Tuesday, December 8, 2009


  1. The Calcutta Flag was one of the first unofficial flags of India. It was designed by Schindra Prasad Bose and unfurled on August 7, 1906 at Parsi Bagan Square (Greer Park), Calcutta. The flag had three horizontal bands of equal width with the top being orange, the centre yellow and the bottom green in colour. It had eight half-opened lotus flowers on the top stripe and a picture of the sun and a crescent moon on the bottom stripe. वन्दे मातरम् Vande Mataram was inscribed in the centre in Sanskrit.
  2. The National Flag of India was adopted in its present form during an ad hoc meeting of the Constituent Assembly held on the 22 July 1947, twenty-four days before India's independence from the British on 15 August 1947.
  3. The national flag, adopted in 1947, is based on the flag of the Indian National Congress, designed by Pingali Venkayya.
  4.  The flag is a horizontal tricolour of "deep saffron" at the top, white in the middle, and green at the bottom. In the centre, there is a navy blue wheel with twenty-four spokes, known as the Ashoka Chakra, taken from the Lion Capital of Asoka erected atop Ashoka pillar at Sarnath. The diameter of this Chakra is three-fourths of the height of the white strip. The ratio of the width of the flag to its length is 2:3. The flag is also the Indian Army's war flag, hoisted daily on military installations.
  5. The official flag specifications require that the flag be made only of khadi.
  6. Indian law says that the flag must at all times be treated with "dignity, loyalty and respect". The "Flag Code of India – 2002", which superseded "The Emblems and Names (Prevention of Improper Use) Act, 1950", governs the display and usage of the flag.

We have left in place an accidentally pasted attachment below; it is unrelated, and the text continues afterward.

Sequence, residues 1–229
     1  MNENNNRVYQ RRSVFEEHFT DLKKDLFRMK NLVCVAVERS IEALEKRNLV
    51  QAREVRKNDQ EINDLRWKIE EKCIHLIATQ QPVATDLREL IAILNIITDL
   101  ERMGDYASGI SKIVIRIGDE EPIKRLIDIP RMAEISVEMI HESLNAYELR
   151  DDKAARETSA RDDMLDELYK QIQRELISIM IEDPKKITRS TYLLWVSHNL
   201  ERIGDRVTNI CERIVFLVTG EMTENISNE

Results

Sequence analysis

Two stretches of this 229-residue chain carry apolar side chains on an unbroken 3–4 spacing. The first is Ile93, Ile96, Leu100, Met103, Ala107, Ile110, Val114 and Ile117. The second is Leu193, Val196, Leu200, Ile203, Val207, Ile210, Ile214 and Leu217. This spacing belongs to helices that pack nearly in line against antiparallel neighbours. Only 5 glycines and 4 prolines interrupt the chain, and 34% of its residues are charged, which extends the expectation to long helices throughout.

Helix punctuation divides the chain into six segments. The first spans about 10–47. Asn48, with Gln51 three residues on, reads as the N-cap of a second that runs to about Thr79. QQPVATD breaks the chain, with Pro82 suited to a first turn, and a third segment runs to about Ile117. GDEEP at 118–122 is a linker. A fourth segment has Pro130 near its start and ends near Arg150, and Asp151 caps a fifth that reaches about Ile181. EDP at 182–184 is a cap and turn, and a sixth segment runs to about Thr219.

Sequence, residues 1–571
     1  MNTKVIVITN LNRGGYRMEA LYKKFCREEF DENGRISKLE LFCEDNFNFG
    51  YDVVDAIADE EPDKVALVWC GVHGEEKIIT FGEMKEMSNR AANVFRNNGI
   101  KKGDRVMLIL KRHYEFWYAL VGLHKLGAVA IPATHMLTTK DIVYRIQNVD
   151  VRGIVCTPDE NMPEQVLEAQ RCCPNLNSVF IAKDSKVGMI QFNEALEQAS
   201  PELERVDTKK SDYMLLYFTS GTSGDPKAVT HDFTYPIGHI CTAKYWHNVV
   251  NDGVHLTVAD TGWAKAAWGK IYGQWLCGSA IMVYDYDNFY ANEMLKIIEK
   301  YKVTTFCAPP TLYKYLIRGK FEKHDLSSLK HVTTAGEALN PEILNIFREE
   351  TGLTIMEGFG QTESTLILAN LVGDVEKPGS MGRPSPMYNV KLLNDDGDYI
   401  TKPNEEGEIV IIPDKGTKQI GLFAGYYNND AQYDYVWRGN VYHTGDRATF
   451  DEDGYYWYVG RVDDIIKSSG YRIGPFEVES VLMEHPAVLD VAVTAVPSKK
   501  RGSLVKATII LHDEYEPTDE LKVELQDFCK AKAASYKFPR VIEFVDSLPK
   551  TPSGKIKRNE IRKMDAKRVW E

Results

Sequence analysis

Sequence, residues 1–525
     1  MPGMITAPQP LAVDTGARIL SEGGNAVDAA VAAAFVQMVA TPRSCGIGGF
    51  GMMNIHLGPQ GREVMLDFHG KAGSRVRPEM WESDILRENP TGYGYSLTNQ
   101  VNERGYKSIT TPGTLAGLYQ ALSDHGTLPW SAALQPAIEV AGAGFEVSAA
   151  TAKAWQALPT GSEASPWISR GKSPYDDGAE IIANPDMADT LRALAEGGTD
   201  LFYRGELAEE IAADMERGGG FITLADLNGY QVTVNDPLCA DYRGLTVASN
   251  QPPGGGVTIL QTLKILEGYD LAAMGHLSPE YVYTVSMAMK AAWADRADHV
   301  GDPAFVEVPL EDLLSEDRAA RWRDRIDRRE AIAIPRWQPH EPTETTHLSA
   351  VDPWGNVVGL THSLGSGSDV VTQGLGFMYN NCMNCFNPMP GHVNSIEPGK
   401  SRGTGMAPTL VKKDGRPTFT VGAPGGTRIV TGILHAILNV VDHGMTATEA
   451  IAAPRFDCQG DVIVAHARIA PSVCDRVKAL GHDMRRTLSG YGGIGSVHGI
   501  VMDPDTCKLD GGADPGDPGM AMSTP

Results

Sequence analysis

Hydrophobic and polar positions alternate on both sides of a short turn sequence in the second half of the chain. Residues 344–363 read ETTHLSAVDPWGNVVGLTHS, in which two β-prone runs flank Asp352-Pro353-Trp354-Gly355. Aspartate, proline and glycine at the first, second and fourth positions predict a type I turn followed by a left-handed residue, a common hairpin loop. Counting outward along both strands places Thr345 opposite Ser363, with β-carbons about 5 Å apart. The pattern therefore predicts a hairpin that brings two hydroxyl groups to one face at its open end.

7. There are a number of traditional rules of respect that should be observed when handling or displaying the flag. When out in the open, the flag should always be hoisted at sunrise and lowered at sunset, irrespective of the weather conditions. The flag may be also flown on a public building at night under special circumstances.
  8. The flag should never be depicted, displayed or flown upside down. Tradition also states that when draped vertically, the flag should not merely be rotated through 90 degrees, but also reversed. One "reads" a flag like the pages of a book, from top to bottom and from left to right, and after rotation the results should be the same. 
  9. With other countries-----When the flag is displayed on crossed poles, the Indian flag's pole should be in front and the flag to the right (observers' left) of the other flag. When the United Nations flag is flown along with the Indian flag, it can be displayed on either side of it. The general practice is to fly the flag on the extreme right with reference to the direction which it is facing.
  10. When the flag is displayed with other flags that are not national flags, such as corporate flags and advertising banners, the rules state that if the flags are on separate staffs, the flag of India should be in the middle, or the furthest left from the viewpoint of the onlookers, or at least one flag's breadth higher than the other flags in the group. Its flagpole must be in front of the other poles in the group, but if they are on the same staff, it must be the uppermost flag. If the flag is carried in procession with other flags, it must be at the head of the marching procession, or if carried with a row of flags in line abreast, it must be carried to the marching right of the procession

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